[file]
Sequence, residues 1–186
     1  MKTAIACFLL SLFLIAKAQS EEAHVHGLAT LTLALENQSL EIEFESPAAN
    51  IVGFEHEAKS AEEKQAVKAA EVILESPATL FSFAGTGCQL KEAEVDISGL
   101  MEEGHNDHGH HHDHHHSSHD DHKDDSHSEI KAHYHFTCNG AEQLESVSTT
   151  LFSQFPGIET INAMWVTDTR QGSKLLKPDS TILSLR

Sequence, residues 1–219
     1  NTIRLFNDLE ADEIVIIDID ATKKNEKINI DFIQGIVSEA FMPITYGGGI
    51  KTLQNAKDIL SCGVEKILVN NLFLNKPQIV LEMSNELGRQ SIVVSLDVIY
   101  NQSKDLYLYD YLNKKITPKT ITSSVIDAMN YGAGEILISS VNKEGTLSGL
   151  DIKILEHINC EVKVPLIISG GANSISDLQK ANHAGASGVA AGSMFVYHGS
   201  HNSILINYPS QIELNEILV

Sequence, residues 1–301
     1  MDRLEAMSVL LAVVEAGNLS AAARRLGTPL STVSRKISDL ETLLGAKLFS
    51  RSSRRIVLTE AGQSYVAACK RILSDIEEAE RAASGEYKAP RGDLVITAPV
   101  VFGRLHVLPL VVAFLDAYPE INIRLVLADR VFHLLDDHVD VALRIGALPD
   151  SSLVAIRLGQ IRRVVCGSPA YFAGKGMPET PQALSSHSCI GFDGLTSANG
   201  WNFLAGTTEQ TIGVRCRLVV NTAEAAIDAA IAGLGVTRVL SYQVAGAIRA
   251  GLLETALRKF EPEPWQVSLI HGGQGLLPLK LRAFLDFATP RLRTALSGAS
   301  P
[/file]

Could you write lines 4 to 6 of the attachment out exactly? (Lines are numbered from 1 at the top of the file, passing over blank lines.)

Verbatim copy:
   101  MEEGHNDHGH HHDHHHSSHD DHKDDSHSEI KAHYHFTCNG AEQLESVSTT
   151  LFSQFPGIET INAMWVTDTR QGSKLLKPDS TILSLR

Sequence, residues 1–219